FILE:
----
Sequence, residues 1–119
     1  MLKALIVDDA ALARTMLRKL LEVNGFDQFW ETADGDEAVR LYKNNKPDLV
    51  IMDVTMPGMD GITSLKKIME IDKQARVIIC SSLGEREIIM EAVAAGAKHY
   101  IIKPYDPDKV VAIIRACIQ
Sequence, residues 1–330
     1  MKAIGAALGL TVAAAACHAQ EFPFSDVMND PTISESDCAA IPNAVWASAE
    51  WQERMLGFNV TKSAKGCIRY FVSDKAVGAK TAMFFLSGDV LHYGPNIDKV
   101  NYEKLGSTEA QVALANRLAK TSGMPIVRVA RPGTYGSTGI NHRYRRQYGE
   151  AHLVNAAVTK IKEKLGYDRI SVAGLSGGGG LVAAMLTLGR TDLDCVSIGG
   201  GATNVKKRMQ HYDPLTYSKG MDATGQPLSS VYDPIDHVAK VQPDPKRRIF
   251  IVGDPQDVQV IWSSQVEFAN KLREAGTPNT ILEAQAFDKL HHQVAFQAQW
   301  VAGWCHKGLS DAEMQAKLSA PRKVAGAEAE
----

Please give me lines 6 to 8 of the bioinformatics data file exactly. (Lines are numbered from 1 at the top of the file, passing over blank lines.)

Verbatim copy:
     1  MKAIGAALGL TVAAAACHAQ EFPFSDVMND PTISESDCAA IPNAVWASAE
    51  WQERMLGFNV TKSAKGCIRY FVSDKAVGAK TAMFFLSGDV LHYGPNIDKV
   101  NYEKLGSTEA QVALANRLAK TSGMPIVRVA RPGTYGSTGI NHRYRRQYGE